Assessing Dynamic Traffic Management Used to Reduce Greenhouse Gases Emissions and Pollutants
GADRAT Marie, Cerema, South West Territorial Division, HERVE Aurelie, Cerema, South West Territorial Division
Stakeholders from Toulouse are in the process of revising the plan that fix objectives and measures in order to protect the atmosphere. This paper is about an ongoing study conducted to mitigate GHG and pollutants in the vicinity of urban motorway.
Summary. Stakeholders from Toulouse urban area are in the process of revising the plan that fix objectives and measures in order to protect the atmosphere. This paper is about an ongoing study that is being conducted to mitigate emissions of greenhouse gases and pollutants in the vicinity of Toulouse urban motorway.
It pays particular attention to the modelling in 2020 of GHG and pollutants of light vehicles on the motorway in three specific scenarios: no traffic management, dynamic speed management, dynamic access management.
First, the paper presents the context of the study. Then, we will see traffic management strategies evaluated for the purposes of the PPA and how they are simulated (dynamic traffic simulation). And finally, methods for the calculation of greenhouse gas emissions and pollutants will be discussed. This last point is the heart of the article.
Context of study. Toulouse is a very dynamic city in the South West of France with more than 1 250 000 inhabitants (demographic growth +6,8% in the last 5 years). There are some congestion problems mostly during peak hours. And air quality is not quite in the regulatory prescribed limits. To face such issues, many stakeholders in the area – State representatives (Préfet, DREAL Midi Pyrénées, DDT 31), the metropolitan authority (CUTM), the urban transit authority (Tisséo), Regional observatory of air quality (ORAMIP)... – are working on strategies to protect the atmosphere.
The atmosphere protection plans (PPA) is a regulatory document that defines the objectives and measures to bring inside agglomerations of more than 250 000 inhabitants and areas where regulatory limits are exceeded or are likely to be, the concentrations of pollutants to a level below the prescribed limits. Like most planning document it is the result of a long process with many stakeholders involved. The final document has three parts: a diagnosis, the list of objectives and then the proposed measures to mitigate GHG and pollutants.
In the last PPA of Toulouse, modelling of air pollution at 2015 showed that the proposed measures to improve the air quality was not sufficient enough. Indeed, more than 10 000 people will still be in areas where air pollution would be beyond the regulatory limits. The majority of those people is near high traffic routes including the Toulouse ring road.
Traffic management strategies to mitigate emissions. As part of the review of the PPA, the modelling of pollutant concentrations is updated to the year of 2020. Although a number of mitigation measures were implemented in the model (demand travel modelling and air pollution modelling), the results still show an unacceptable number of people with bad air quality conditions. Thus, it was decided to provide one generic measure in the PPA that will set the goal of emission reductions to be achieved. It is the measure B8: "Implementing additional measures to reduce emissions from traffic on the Toulouse area". The strategies identified in order to achieve this goal are dynamic speed control during peak hours on Toulouse west ring road and dynamic on-ramp metering during rush hours.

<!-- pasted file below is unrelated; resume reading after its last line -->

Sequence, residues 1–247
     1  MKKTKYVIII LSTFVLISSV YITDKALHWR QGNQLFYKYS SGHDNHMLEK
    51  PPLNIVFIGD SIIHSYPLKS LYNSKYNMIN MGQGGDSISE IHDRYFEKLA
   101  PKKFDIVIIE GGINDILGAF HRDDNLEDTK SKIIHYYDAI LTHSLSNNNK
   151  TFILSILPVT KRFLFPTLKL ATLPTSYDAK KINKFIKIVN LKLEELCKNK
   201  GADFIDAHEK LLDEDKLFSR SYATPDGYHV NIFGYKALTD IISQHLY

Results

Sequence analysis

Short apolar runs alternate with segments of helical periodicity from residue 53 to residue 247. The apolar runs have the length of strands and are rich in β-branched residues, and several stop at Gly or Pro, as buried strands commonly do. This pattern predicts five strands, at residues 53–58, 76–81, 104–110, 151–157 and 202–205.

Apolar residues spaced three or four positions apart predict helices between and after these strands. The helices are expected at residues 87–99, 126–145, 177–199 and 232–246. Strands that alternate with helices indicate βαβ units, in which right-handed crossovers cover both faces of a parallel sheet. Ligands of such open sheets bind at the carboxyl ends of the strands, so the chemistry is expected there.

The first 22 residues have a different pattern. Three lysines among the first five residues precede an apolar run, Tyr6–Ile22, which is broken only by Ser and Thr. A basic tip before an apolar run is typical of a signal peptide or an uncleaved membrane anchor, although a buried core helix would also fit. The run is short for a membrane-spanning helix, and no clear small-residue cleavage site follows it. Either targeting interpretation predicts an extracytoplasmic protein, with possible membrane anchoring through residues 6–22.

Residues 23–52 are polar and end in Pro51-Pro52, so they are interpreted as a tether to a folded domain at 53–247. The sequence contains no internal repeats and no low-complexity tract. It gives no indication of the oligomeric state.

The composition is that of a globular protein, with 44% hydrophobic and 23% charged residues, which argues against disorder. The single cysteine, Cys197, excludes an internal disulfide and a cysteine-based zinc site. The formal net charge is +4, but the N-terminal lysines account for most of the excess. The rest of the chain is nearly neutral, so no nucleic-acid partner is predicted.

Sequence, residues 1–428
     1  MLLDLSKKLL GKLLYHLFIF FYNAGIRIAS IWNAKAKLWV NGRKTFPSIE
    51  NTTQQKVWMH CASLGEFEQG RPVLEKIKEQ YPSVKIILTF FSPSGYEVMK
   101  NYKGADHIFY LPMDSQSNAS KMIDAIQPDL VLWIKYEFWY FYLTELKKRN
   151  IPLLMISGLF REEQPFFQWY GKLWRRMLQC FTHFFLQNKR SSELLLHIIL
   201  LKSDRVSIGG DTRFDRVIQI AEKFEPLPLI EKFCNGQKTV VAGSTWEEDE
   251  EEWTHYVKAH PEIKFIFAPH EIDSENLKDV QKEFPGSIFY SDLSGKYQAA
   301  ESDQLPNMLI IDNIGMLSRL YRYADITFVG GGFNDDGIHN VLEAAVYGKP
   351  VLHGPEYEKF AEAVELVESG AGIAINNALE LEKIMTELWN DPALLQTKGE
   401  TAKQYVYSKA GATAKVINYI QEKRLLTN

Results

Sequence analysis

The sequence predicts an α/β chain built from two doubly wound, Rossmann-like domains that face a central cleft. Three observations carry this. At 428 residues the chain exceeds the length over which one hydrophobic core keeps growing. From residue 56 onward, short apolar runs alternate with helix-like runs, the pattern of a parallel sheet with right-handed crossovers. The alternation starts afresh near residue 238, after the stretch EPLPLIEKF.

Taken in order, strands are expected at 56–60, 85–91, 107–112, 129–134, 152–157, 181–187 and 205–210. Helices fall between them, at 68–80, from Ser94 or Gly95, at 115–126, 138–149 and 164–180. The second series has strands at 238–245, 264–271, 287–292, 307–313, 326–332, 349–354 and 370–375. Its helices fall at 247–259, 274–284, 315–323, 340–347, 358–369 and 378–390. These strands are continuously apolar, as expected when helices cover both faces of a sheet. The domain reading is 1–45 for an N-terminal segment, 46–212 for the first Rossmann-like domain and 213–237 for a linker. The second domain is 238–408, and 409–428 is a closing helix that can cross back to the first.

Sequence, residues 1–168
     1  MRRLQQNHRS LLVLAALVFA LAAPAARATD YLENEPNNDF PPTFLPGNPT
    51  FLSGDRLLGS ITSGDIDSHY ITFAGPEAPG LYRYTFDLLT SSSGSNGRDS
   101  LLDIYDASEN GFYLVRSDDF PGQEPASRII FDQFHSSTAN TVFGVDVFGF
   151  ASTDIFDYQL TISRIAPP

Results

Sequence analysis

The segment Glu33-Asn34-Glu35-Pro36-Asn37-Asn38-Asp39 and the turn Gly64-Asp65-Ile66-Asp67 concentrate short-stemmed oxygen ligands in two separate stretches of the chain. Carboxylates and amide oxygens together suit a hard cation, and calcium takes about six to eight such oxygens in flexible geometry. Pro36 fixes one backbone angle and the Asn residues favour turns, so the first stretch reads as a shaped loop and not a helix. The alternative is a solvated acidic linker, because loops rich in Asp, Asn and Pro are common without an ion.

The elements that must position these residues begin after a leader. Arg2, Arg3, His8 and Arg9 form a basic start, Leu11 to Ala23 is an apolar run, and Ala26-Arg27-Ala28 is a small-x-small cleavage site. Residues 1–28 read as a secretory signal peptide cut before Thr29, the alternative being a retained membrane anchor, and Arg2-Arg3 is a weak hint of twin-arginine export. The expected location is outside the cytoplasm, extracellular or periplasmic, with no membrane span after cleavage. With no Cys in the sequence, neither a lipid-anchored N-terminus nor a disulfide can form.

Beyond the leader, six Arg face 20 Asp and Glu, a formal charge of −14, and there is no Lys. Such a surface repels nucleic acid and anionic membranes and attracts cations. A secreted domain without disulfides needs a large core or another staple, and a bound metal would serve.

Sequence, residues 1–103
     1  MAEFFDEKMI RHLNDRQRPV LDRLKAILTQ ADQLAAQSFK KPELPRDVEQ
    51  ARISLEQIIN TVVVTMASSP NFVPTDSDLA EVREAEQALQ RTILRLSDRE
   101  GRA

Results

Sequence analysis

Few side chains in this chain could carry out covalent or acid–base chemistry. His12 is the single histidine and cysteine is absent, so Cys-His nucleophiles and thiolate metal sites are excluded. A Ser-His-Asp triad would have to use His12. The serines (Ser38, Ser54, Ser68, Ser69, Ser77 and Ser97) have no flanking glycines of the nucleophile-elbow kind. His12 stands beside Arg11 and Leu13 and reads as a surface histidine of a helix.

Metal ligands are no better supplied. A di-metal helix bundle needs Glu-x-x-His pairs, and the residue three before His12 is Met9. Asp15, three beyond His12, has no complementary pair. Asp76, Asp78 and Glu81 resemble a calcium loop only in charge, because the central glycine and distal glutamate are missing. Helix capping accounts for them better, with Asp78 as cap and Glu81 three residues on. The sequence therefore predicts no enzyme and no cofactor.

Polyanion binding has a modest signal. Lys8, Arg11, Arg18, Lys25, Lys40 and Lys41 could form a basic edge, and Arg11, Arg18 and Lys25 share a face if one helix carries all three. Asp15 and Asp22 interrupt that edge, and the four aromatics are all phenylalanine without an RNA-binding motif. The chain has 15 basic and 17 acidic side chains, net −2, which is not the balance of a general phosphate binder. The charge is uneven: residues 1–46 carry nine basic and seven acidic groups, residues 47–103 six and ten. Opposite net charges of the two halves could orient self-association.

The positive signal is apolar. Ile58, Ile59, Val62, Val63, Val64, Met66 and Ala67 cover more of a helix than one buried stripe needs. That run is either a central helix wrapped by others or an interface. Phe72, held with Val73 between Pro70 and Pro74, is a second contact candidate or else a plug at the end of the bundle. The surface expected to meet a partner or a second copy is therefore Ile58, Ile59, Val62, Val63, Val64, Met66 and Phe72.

The impact on emissions of pollutants and greenhouse gases of these two traffic management strategies are evaluated in this study.
Effects on traffic flow. Effects on traffic flow is studied using a dynamic simulation model, more appropriate to assess the impact of this type of measure. The tool used is an experimental platform for simulation at the mesoscopic scale. It takes into account the latest research on the effects of dynamic traffic management such as speed and access control. Vehicles included in this study are light vehicles only.
Models for estimating emissions from light vehicles. Emissions of pollutants and greenhouse gases are calculated with HBEFA (Handbook Emission Factor for road transport). HBEFA is based on a traffic situation approach to take into account the dynamic of traffic. A traffic situation is the combination of zone description (urban or rural), type of road (highway, ramp, distribution road, etc.), speed limit and 4 levels of service: freeflow, heavy, saturated and stop and go.Levels of service are determined by 6 minutes interval depending on flow and speed data. Those data are the results of traffic simulation. For each tratfic management strategie, emissions are calculated and compared with the situation without traffic management to determine the gain in quantity of pollutants and percentage due to this measure.
The article will mostly develop the last part of the study focusing on estimating emissions from dynamic trafic management.
Association for European Transport